Marley Man-Cat




The cat is sleeping on the windowsill of the spare room cum study cum laundry room.  I admire the golden-tawny colour of his undercarriage, the leopard spots on his saggy, old tum and his perfectly striped legs.  His chest and leg are bald where he was shaved, revealing velvety nude grey skin beneath.  Two weeks ago he was quite unwell; kidney problems.  When I left him at the vets he was a shadow of his former self.  I thought he would die.


‘We are going to have to keep him in,’ said the very efficient vet.

‘Oh, okay.’


I blubbed hideously.  My partner looked embarrassed.  A box of Kleenex were expertly presented to me by the vet.


When Marley was returned to me I could not take my eyes off him.  I watched his every move as though it were his last.  Sometimes, when he lay on the cushion with his head hanging off, I would rush over to his side and shake him awake fearing that he had gone to meet Bastet along the River Nile.  He’d shake his head and adjust his eyes and see me and sing a reassuring rhythmic song.  I recorded his purr on my Dictaphone. I took hundreds of photos.

It seems absurd to feel so much for a cat.  But then, he has been with me since he was six weeks old (the lady on Shootup Hill said he was older but she lied).  He survived my student years and all the late night parties and cannabis fug generated by Pink Floyd lovers.  He even took me back after I left him with a friend in East Grinstead so that I could bum around Australia for a year.  All it took was a quick sniff and it was as if I’d never been away.  Marley has lived in Finchley, Kilburn, Leytonstone, Clapham and Peckham.  He’s travelled extensively and he’s even endured kitty jail.  He’s done time.  In his 18 years, the old boy has lived.

Nowadays he likes to curl up with me on the sofa to watch old movies.  He is quite deaf.  It takes him a long time to get up from his cushion and he often wonders into the kitchen/hallway/living room and then stops and looks around with a bewildered air as though he clean forgot what he went there for.  Sometimes he watches us walk down the driveway and he stands at the very top yowling in his guttural voice.  It bounces off the walls of the flats.  The neighbours talk.  They say things like: ‘Oh my God, it’s just a cat!’  The vet says he might be a soupçon senile.  But whatever he is, he seems happy.

Marley’s whiskers are twitching.  His eyelids flicker and his black-padded paw flinches.  He is dreaming of the little one, Lulu.  She is ginger and white with freckles on her nose.  She is very smart.



In his dream, he is licking her face and the backs of her ears with his pungent, oily, dense, spittle-covered emery board tongue.  Suddenly he is overwhelmed by the desire to bite her.  It happens every time.  He sinks his teeth slowly into the whitest, softest part of her throat.  She extricates herself from his grip and punches him in the face before leaping back sideways like a crab-cat.  She runs out of the cat flap and he follows her into the night.  She scales the birch tree where he cannot go.  He watches her climb to the thinnest, highest branch and she taunts him from her elevated position.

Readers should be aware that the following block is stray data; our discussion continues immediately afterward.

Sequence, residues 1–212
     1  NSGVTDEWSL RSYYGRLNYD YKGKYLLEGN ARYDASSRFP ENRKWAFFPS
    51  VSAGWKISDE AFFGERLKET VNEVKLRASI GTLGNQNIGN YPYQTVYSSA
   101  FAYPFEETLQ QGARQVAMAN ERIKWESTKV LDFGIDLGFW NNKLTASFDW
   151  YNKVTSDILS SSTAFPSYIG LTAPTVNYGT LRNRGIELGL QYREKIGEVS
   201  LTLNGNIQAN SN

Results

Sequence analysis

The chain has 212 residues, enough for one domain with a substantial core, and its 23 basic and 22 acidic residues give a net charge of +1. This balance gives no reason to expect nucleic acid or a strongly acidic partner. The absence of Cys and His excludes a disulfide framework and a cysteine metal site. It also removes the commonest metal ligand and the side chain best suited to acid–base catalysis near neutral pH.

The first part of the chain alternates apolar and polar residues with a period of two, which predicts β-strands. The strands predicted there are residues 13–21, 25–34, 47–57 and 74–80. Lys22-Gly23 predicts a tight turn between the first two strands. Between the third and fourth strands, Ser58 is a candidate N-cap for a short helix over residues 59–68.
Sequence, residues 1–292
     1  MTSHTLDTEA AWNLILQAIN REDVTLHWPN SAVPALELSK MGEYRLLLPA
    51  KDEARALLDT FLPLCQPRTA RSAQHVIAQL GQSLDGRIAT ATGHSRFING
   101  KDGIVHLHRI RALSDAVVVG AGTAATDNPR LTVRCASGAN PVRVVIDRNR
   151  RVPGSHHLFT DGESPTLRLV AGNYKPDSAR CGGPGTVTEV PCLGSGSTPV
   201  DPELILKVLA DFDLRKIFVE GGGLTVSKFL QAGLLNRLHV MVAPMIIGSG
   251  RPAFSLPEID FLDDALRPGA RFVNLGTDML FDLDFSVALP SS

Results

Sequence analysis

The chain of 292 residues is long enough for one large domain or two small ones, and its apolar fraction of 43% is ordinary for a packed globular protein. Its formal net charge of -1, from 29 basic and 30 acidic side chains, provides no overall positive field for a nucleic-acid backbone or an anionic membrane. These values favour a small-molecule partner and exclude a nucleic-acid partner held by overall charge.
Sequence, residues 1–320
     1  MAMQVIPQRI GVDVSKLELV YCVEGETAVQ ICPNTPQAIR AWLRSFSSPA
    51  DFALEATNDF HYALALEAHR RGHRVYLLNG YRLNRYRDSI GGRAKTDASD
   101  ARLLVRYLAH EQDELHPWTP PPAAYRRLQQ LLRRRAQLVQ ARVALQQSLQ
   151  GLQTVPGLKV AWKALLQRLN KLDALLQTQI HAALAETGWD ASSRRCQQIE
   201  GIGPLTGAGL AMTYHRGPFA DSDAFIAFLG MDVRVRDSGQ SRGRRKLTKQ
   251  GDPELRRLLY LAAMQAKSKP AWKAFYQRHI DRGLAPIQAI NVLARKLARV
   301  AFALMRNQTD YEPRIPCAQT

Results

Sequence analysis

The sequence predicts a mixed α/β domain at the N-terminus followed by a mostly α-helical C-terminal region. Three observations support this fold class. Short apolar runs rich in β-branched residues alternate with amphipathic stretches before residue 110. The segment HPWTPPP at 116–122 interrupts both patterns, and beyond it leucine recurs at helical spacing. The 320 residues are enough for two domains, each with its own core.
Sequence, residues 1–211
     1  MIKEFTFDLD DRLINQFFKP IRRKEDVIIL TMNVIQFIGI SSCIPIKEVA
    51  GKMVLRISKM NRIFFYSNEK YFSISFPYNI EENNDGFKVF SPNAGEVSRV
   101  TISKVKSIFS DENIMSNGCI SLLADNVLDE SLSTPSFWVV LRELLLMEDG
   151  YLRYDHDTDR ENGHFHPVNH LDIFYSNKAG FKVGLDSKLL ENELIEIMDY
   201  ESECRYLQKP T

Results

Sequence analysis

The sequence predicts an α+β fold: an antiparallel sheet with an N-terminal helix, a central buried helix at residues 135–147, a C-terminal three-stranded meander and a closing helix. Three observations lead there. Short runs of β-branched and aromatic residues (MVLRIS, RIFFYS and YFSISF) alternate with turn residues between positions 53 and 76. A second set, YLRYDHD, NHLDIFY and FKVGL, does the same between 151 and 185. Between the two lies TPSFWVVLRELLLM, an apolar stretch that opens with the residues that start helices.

‘Come down Lulu.’

‘No way Grandpa…You come up here.’

‘I can’t. It’s my arthritis.’

‘Tough shit fat boy.  Shouldn’t have bitten me.’

‘I couldn’t help it.  I don’t like it down here all on my own.’

‘Don’t worry.  The big French thing will be out soon with that Staffy she’s fostered from Canine Incarcerate.  I hear he was in for cat-killing.’


‘Yeah man.  It was like a quintuple felicide or something.  Didn’t you hear?  All the cats have been talking about it.  Anyhoo, I’m going hunting and you’re way too slow to catch mice.  You really are quite the most monstrous clummer I’ve ever known.’


‘See ya. Say hi to Gnasher for me.’

‘No, Lulu, wait.  Let’s play catch leaves.’

‘No thanks!’

‘Why do you want mice anyway, there’s chicken in gravy in your bowl.  Mice are revolting; all that bone and eyeball, grasping claws and weird little teeth and a wiry tail to get stuck in your throat.  They make my skin itch.’

‘Fat chance of getting any food the big things leave.  You always push me off and eat my dinner Maximus Felis Catus. ’

‘No I don’t.  I just have a little lick.’

‘You lick off all the juicy bits and leave the dried up crispy remnants for me.  That’s why I am tiny and lithe  and you’re morbidly obese, too fat to be a real cat.’

‘Am not, I’m just as real as you.’

‘Are not, you’re like a man-cat.  I saw how she held you over the loo that day when you were chucking up.  Are you a cat or a man?  Man-cat!  Man-cat!  Man-cat!’


Lulu undermines his cat-ability, his very cattiness.  Marley jolts awake from his anxiety dream.  He looks at me and blinks.  He rotates on the spot and grumbles quietly as he flops down again into slumber.  And I love him.






Grumpaldine and the Sensational Salamandridaes